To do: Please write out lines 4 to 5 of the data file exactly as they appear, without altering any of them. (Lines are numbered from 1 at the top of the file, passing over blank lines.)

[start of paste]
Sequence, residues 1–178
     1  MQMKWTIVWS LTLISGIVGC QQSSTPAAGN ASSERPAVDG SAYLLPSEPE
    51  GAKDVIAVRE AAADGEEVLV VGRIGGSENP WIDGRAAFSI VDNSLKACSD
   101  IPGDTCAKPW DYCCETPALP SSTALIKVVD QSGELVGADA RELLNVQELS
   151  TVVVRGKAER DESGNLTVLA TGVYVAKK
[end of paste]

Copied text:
   101  IPGDTCAKPW DYCCETPALP SSTALIKVVD QSGELVGADA RELLNVQELS
   151  TVVVRGKAER DESGNLTVLA TGVYVAKK